• Digestive Enzymes: Should You Supplement?

    18 April 2018
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    This article can be summed up by the following:

    Yes, your body produces the digestive enzymes needed to break food down. That being said, you must ask yourself, “Am I actually eating real food?”

    Let me back up for a moment and give you a bit more background information.

    Our intestines receive bile and enzymes that work together to break food down to be passed from the body. These enzymes also aid in feeding the body the nutrients from the foods consumed. When everything works as it should, there is no bloating or gas, and bowel movements are regular, easy, and normal. This is typical within the few humans who truly eat a whole foods diet and lead lives unexposed to toxins and stress. As you can understand, that is a very slim margin of people, if any.

    Sadly, most children and adults in our society consume processed foods, foods containing pesticides and carcinogens, toxins like dyes that are not even food, and more sugar – in too many forms to name – than could be imagined. It’s easy to find the research that links these bad habits, along side of the environmental toxins known to affect the gut, to the decrease seen in bile and pancreatic enzymes within the intestines. The body cannot properly break them down because they are not meant to be there. The bile is blocked from the intestines, preventing the enzymes to reach and aid in pushing these items from the body – or releasing the nutrients properly throughout the body. This is when constipation and mushy poop start occurring; stomach aches, bloating, gas, heartburn, nausea, discomfort, low energy, and allergy-like reactions, as well. It’s no wonder kids are mean, unfocused, and pretty cranky today. (As are most adults when you really pay attention.) Their guts need mending.

    While the true answer is to heal the gut and consume 100% organic whole foods, while also leading a stress-free life outside of toxins, it might be easier said than done. I do truly encourage you to eliminate wheat (all gluten) and dairy, and consider a full elimination diet – even with your children. While doing so, digestive enzymes can still be used to aid in healing the gut.

    Digestive enzyme supplementation is all the rage right now, and I am completely in favor of it being added to your vitamin shelf (It can’t go without mentioning that it needs to be a high-quality version). However, it is not a cure all, and should not be depended upon with every meal, every day. It doesn’t make eating fast food okay. The gut should be healthy, and digestive enzymes should be used when foods such as gluten and dairy are consumed to help the body digest them without triggering inflammation.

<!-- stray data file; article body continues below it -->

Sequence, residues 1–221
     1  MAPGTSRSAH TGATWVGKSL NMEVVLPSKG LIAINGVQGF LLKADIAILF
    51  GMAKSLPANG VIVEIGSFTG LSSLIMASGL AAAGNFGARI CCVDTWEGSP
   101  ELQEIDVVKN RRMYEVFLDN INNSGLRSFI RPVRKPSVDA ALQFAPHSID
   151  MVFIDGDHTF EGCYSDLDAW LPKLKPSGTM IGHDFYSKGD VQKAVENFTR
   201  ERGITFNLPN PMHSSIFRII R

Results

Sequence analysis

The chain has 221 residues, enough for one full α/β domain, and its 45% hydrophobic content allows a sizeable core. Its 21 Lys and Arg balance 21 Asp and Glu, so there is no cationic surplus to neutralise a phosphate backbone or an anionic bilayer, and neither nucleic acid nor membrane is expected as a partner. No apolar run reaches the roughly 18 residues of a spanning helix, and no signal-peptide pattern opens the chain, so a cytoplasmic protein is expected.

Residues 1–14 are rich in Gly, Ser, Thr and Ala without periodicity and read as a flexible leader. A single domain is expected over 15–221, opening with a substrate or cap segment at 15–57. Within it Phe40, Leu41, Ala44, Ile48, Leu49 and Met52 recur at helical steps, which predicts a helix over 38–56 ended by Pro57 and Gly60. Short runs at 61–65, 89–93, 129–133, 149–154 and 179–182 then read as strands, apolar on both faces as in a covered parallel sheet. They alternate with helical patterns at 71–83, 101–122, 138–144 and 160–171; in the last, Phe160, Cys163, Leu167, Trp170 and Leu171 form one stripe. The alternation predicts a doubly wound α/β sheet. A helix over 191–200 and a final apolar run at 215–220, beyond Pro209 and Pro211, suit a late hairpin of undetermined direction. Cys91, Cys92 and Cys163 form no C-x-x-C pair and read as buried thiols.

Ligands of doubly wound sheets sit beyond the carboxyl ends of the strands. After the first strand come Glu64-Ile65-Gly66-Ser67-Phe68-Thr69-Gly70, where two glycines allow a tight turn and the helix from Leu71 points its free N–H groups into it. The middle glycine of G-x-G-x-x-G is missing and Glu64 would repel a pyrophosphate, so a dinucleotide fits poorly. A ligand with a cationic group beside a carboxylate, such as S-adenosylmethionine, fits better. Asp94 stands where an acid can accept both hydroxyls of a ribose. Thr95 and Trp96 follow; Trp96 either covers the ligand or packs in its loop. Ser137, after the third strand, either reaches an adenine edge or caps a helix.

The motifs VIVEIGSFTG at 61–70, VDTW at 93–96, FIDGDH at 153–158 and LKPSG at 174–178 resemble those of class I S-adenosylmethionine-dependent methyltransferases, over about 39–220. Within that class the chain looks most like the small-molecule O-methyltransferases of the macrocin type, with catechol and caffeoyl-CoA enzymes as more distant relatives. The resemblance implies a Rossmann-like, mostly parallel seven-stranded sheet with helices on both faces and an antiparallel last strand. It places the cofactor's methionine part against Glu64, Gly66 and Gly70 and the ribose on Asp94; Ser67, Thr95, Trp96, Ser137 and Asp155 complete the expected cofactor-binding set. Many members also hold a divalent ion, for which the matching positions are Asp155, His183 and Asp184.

Irritation to the gut from stress, pollution, pesticides, and processed foods can cause the tiny hair-like structures along the sides of the intestines to become clogged, throwing off the balance of bacteria, stomach acid, and forcing the toxins back through the liver for detoxing. The liver can become congested and trigger a slower and thicker bile and enzyme production. With less of bile and enzymes, it becomes harder and harder for the intestines to do their job well. Taking a digestive enzyme supplies the body with the needed enzymes to break these items down.

    Digestive Enzymes

    Not only do digestive enzymes aid in the digestion process, but they also allow the body to absorb more nutrients. They break food into amino acids, fatty acids, cholesterol (the good kind), simple sugars, and nucleic acids. They also may aid in easing or eliminating chronic symptoms from digestive disorders, which are of course commonly linked to diagnoses such as Gluten Intolerance, IBS, Lactose Intolerance, ADHD, Autism, and even schizophrenia.

    In a world where food is more fillers and less nutrients, and a society with sky-rocketing chronic illnesses and autoimmune diseases, a little help through enzyme supplementation provides ample benefits. Digestive enzymes will take the stress off of the stomach, pancreas, liver, gallbladder and small intestine when hard-to-digest foods are consumed, so why not add them to your health arsenal?

    While you can find over 40 enzymes currently available; you want to look for a high-quality, broad-spectrum enzyme supplement. This covers the bases and works well with those wanting help in basic digestion and nutrient absorption.

     

    References:

    http://www.klaire.com/images/makingsenseezm.pdf
    https://www.naturalmedicinejournal.com/journal/2013-09/use-digestive-enzymes-specific-digestive-disorders
    https://www.ncbi.nlm.nih.gov/pubmed/8028341
    https://www.ncbi.nlm.nih.gov/pmc/articles/PMC4923703/
    http://www.whole-isticsolutions.com/hr_pdf/research.pdf
    https://www.naturalmedicinejournal.com/journal/2013-09/use-digestive-enzymes-specific-digestive-disorders
    https://www.ncbi.nlm.nih.gov/pmc/articles/PMC3238796/
    https://www.ncbi.nlm.nih.gov/pmc/articles/PMC2898551/
    https://www.ncbi.nlm.nih.gov/pubmed/12495265
    https://www.ncbi.nlm.nih.gov/pubmed/19147295
    https://www.ncbi.nlm.nih.gov/pubmed/857664
    https://www.ncbi.nlm.nih.gov/pmc/articles/PMC2215354/
    https://www.ncbi.nlm.nih.gov/pmc/articles/PMC1352884/

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